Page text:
“In all of history there are few stories as enthralling as the astonishing rise and tragic fall of Anne Boleyn.  Born the daughter of a commoner, her proud beauty won the heart of mighty Henry the Eighth—but to sanctify their love, they face a battle that shook the foundations of the Western World. Against the might of the Church, the opposition of the nobility, and the rage of an Emperor, she rose to become Queen of England—and to die on the block at the hands of the man she loved.”

Anne was now a full-fledged heroine of the historical romance, and a major commercial item.

[1] At the end of the book, Hackett included an essay called “History in this Novel” in which he enumerates what he has invented in the novel, where his Anne departs from “the tradition”, why that tradition requires revision, and why he chose to write a novel rather than a history.

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“But Will He Respect Me in the Morning?” A Century of Fictional Sex Between Henry and Anne #2

My second excerpt is from a 1936 novel by Paul Rival, entitled “The Six Wives of Henry VIII.” It originally was published in French, and apparently was the basis for the 1971 six-part BBC television series of the same name–although I see no resemblances in style or content.  The novel is very intense and dramatic, full of existential French touches, and also clearly shows the influence of Freudian psychology.  Freudians at the time believed that a woman could only find true pleasure in sexuality by giving up her “masculine” impulses and surrendering herself completely, as Anne does in this passage.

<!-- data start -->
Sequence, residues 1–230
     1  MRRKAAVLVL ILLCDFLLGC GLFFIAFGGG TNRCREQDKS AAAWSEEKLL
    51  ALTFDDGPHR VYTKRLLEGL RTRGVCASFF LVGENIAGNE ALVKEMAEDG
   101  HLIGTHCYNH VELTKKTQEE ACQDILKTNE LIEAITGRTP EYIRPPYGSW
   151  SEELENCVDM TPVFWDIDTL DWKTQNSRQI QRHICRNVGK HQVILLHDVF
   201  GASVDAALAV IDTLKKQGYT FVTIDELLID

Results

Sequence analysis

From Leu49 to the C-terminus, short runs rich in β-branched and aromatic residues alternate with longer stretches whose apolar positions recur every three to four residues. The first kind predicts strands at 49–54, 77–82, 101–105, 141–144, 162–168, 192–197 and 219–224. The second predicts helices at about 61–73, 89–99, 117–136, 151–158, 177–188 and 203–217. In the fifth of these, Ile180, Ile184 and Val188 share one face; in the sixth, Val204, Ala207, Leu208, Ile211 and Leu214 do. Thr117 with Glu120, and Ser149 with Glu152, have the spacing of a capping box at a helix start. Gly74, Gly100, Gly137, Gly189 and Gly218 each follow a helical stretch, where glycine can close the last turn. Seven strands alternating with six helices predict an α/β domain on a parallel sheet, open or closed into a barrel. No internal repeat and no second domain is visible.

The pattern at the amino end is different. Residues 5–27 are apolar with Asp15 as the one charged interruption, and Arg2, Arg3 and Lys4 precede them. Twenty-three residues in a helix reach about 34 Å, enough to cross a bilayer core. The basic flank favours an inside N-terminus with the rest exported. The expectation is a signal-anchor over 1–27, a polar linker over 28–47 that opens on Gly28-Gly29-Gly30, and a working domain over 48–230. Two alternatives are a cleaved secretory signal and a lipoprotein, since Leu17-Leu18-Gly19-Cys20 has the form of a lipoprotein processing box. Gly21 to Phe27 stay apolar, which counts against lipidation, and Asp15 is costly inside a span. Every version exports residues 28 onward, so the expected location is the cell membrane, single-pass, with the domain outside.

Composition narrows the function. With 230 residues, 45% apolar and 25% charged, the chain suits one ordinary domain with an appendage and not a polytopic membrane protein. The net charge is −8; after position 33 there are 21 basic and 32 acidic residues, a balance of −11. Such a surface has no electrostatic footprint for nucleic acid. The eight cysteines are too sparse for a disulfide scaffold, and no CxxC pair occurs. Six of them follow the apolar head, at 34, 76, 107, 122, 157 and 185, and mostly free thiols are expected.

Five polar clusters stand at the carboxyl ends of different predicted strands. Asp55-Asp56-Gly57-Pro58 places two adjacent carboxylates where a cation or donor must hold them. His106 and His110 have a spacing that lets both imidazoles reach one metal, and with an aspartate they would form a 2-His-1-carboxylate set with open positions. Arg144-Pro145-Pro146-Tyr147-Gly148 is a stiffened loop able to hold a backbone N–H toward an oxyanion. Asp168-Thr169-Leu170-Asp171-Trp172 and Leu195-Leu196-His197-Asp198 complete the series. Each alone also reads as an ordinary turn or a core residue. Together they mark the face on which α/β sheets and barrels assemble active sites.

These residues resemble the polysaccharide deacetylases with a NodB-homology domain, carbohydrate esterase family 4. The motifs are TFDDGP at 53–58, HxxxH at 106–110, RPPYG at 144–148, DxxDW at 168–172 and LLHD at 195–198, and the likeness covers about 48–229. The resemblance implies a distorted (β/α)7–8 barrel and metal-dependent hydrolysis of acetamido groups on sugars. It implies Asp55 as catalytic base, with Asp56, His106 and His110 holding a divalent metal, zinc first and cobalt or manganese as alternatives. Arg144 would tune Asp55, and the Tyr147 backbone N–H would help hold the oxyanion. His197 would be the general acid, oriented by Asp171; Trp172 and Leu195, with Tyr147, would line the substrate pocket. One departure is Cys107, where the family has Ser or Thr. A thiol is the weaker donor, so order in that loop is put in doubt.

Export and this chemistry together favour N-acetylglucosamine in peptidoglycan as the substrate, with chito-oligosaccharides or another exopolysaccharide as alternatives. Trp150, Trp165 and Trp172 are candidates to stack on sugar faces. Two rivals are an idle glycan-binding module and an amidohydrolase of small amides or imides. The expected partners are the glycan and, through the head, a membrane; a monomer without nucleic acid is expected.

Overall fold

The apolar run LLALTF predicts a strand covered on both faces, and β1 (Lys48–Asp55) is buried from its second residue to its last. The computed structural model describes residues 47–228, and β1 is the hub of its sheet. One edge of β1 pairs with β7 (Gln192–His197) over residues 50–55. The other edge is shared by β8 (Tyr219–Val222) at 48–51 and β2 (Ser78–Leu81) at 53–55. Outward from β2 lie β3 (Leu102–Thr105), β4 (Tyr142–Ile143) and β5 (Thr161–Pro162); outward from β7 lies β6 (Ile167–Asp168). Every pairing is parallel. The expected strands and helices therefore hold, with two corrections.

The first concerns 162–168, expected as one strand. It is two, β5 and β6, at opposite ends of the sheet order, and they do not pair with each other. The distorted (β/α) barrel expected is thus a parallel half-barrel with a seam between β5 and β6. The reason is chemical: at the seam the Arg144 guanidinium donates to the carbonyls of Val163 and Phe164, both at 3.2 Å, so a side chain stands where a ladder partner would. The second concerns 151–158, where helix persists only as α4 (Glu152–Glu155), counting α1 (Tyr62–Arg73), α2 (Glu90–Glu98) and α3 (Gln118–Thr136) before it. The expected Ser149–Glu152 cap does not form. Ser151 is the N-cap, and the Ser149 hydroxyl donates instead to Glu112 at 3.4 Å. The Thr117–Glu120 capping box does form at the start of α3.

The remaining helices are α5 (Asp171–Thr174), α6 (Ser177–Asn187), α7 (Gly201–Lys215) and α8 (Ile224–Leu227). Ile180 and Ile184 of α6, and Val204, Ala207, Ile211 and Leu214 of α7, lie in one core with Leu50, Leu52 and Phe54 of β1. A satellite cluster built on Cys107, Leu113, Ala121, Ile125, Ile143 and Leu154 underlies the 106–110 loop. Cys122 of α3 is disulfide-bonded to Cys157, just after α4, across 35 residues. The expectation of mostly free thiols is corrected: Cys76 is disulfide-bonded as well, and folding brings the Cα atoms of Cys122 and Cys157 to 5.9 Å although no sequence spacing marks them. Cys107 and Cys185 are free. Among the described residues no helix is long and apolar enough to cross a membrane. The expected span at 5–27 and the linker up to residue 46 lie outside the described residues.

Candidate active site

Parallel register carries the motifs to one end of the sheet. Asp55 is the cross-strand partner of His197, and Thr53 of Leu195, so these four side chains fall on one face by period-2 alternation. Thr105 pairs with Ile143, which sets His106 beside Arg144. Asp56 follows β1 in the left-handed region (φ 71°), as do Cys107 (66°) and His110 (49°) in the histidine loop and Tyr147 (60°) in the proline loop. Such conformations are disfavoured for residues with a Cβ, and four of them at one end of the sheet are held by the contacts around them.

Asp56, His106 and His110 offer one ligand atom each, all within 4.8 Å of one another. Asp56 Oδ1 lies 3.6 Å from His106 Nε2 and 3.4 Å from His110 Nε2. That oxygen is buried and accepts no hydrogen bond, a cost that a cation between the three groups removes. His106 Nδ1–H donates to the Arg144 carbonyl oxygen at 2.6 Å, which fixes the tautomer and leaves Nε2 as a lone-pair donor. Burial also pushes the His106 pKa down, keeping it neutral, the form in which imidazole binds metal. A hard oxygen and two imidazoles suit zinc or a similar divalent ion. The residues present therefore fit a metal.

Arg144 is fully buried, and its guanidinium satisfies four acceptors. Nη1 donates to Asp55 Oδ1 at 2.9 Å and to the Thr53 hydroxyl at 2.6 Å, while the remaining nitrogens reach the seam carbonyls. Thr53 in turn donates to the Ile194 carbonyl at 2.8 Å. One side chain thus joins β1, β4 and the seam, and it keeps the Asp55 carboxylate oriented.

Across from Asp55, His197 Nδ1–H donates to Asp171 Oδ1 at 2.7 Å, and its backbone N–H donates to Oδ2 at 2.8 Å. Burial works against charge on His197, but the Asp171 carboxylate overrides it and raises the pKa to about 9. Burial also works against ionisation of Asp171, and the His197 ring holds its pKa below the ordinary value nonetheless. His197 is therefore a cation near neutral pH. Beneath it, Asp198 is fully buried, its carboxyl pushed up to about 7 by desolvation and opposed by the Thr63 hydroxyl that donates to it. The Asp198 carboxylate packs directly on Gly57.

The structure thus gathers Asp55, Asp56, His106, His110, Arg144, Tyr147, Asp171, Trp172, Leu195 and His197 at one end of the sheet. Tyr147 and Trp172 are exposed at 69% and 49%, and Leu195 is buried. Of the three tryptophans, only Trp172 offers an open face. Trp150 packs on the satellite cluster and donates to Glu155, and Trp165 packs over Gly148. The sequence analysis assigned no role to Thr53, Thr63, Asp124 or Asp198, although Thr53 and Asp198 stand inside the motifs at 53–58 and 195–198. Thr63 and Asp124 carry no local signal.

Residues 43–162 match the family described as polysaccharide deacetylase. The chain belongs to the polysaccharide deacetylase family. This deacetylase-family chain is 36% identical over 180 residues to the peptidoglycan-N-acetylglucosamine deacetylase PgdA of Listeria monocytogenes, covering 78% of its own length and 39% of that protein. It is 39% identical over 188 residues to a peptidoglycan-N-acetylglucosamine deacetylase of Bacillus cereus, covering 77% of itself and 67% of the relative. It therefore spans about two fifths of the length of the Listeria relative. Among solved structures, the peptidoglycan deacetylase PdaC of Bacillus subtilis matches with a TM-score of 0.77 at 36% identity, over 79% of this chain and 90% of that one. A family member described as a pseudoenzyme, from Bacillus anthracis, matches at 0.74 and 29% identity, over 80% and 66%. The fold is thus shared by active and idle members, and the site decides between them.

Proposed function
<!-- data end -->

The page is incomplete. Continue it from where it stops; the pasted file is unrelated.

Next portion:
That night, in the castle of Calais, she opened her arms to Henry.  She humbled herself and allowed him to possess her.  The gentle wash of the waves was audible through the windows, the tapestres waved in the night breeze, and a dying log fire flowed upon the hearth.

They remained more than a week at Calais.  Francis had gone and the chill air of November emphasized the silence.  They had lived so long in a dream that reality surprised and alarmed them.  Anne was at length a woman; Henry had delivered her from her own unbalanced fancies and revealed her to herself, finding her interior rhythm, giving her serene happiness, the pleasure of ceasing to think, of allowing her mind and her nerves to be lulled to sleep, of being no more than a physical vessel, utterly fulfilled and submissive.  For her there were now order, peace and repose.  The sky was tranquil and colourless, the sea more grey than the sky with faint ripples and reflections and a few drifting sails.  The nights unfolded themselves, long and blissful.